VOL. 125 | NO. 242 | Tuesday, December 14, 2010
EMPHASIS Commercial Real Estate Trends
Highwoods Stands Tall Among Competition
By Sarah Baker
Steve Guinn is vice president of Highwoods Properties, which includes a number of commercial properties near the Poplar and Ridgeway area, including the Crescent Center, the Triad Centre and the International Place Phase II. (Photo: Lance Murphey)
As a prominent investment and leasing firm and one of the most active real estate investment trusts in the Memphis market, Highwoods Properties Inc. routinely made commercial real estate headlines in 2010.
Raleigh, N.C.-based Highwoods pulled off the biggest deal of the year – and in the past five years – in July with its $52.6 million purchase of the Crescent Center from IPC Crescent Center LLC, an affiliate of Behringer Harvard.
It also secured a newsworthy lease by signing Glankler Brown PLLC to a long-term deal in East Memphis and opened Triad Centre III, the city’s first office building certified as LEED – Leadership in Energy and Environmental Design.
In January 2005, Highwoods revealed a strategic plan that enabled it to dramatically improve its financial position over the past six years, said Ed Fritsch, Highwoods’ CEO.
“We try to take on a philosophy of how we cannot just survive but thrive in a downturn,” Fritsch said. “Every aspect of the real estate cycle has opportunities if you have the money to execute.”
From January 2005 well into 2008, Highwoods sold a large portion of its non-core assets at “extraordinarily attractive” prices – about a billion dollars worth of assets at a 6.7 percent capitalization rate.
Rather than taking the proceeds from its dispositions and buying high-grade assets, Highwoods used the money for funding new development – like Triad Centre III – and paying down stacks of debt before the credit crunch ever arrived.
Since it is well-capitalized in both debt and equity, Highwoods can take advantage of opportunities that arise in the marketplace, while others may not have the money to execute similar strategies.
The company’s holistic approach involving four cornerstones of the plan – people, communication, portfolio and balance sheet – set up Highwoods for deploying capital effectively, solidifying a proper level of return from the right product.
“As a result, we have a balance sheet today that has provided us with the muscle to go out and do things akin to opportunities,” Fritsch said. “To fully fund without any loans, we can fully fund tenant improvement expenses and broker commissions.”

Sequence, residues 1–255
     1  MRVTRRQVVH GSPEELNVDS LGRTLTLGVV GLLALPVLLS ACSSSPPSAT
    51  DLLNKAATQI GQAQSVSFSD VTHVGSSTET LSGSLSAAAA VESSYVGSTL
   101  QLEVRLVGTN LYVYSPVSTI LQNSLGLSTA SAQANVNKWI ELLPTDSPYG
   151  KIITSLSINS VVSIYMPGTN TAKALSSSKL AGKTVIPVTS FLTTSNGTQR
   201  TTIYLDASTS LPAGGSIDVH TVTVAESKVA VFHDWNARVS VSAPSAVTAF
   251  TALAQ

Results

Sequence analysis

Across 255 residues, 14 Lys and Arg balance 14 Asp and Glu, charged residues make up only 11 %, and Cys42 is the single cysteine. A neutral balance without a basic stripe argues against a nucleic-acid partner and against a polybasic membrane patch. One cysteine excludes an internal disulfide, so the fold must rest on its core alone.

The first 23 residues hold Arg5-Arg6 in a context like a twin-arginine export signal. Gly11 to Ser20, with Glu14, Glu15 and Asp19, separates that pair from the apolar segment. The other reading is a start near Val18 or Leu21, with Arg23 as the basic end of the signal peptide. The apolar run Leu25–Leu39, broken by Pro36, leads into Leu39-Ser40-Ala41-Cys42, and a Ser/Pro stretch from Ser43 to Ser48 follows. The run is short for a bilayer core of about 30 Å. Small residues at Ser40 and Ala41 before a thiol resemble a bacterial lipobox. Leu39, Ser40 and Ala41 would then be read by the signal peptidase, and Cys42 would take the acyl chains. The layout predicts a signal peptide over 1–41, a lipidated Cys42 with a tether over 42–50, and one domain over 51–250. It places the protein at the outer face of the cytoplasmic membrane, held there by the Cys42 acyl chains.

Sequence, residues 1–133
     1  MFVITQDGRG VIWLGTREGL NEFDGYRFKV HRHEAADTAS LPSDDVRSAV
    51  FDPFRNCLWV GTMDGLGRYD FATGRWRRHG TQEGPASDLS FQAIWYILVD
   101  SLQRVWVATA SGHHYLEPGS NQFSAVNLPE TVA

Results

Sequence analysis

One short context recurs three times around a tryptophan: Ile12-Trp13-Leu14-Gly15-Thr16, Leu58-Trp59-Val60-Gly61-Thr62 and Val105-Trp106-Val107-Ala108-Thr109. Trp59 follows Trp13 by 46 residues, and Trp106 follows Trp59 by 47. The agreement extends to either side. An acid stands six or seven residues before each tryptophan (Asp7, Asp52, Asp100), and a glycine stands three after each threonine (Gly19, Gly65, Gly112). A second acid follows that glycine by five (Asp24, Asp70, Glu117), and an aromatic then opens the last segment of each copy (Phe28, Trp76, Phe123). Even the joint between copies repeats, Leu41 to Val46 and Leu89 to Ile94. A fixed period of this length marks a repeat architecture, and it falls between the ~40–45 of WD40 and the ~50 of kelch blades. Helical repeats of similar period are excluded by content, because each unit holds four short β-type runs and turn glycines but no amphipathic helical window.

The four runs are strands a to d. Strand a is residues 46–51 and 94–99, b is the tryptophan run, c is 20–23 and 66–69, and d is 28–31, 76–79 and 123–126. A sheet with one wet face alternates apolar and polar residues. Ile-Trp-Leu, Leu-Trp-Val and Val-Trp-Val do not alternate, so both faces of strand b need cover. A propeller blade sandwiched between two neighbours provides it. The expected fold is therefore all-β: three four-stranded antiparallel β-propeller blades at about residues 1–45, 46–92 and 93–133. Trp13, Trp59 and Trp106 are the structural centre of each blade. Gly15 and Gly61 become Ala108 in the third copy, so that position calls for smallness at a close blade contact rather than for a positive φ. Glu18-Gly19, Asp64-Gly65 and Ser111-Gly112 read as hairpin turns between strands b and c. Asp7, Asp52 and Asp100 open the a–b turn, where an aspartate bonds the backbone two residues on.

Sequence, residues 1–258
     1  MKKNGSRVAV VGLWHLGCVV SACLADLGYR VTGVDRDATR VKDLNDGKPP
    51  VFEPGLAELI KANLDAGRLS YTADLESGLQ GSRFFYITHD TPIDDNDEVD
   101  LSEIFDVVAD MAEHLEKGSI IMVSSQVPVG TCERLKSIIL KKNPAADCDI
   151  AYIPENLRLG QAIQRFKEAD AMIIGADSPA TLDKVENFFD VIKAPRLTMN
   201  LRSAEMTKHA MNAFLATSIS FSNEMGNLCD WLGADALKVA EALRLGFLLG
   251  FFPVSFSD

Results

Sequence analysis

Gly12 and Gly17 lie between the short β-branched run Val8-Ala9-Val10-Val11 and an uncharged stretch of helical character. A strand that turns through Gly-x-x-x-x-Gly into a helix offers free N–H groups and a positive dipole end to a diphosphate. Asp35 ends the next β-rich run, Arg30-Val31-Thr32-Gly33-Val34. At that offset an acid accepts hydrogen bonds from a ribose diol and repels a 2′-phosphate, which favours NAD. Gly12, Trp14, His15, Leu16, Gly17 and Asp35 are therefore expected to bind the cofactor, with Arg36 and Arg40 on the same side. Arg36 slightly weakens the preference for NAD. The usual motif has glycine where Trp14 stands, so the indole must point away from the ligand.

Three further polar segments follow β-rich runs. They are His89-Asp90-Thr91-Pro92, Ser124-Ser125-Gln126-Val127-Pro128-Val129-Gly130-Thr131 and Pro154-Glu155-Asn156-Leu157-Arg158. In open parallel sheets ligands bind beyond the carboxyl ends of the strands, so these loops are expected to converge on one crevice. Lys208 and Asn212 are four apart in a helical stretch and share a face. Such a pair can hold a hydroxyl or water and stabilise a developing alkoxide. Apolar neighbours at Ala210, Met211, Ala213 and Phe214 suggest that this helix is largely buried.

Out of Highwoods’ 10 offices, Memphis is one of its core markets, meaning it is a top five revenue contributor. Since the acquisition of the Crescent Center, the Memphis office has increased its headcount from 19 to 21 and plans to expand its presence in the market.
“Everybody needs to know who’s running the ball where when we break out of the huddle, as opposed to just everybody lining up when the ball’s snapped and trying to figure out who’s going where,” Fritsch said. “It’s not just being able to deploy the capital, but it’s being able to be there and establish ourselves as service providers as opposed to space providers.”
Because Highwoods controls a high concentration of space from Interstate 240 to Kirby Parkway along Poplar, it will be able to dictate future terms and rates, said Wyatt Aiken, president of the Memphis Area Association of Realtors’ Commercial Council.
“They’re well-poised to take advantage of rising rental rates once occupancies start to rise, which they inevitably will as the economy comes back,” Aiken said.
“Their decisions to build Triad III, to make it green, to buy Crescent Center – these are all longer-view perspectives – which is what you need in a real estate developer.”
Aiken also credited the company’s local leadership. Highwoods’ top Memphis executive is Steve Guinn, who oversees a portfolio of 2.5 million square feet and has been in commercial real estate for nearly 30 years.
“They do one thing and they do it well,” Aiken said. “They build, manage and lease office buildings, and they do it in a truthful, honest way, which gives brokers like me a comfort level in doing business with them, as well as their tenants, their customers.”
Guinn’s leadership goal was to complete infill development, like the company did with Triad Centre III.
“It’s somewhat easier to increase your portfolio with core properties if you don’t have to sell some others and then acquire – kind of less churn if you will,” Guinn said. “The base properties we had here when the strategic plan was unveiled have really helped us a lot.”
With base properties like the Crescent Center, Triad and others along the busy Poplar Avenue corridor, Highwoods’ Memphis portfolio has placed the company in prime position.
“If you look back at different slumps and different recessions in history – and this has proven the case here – location wins every time,” Guinn said.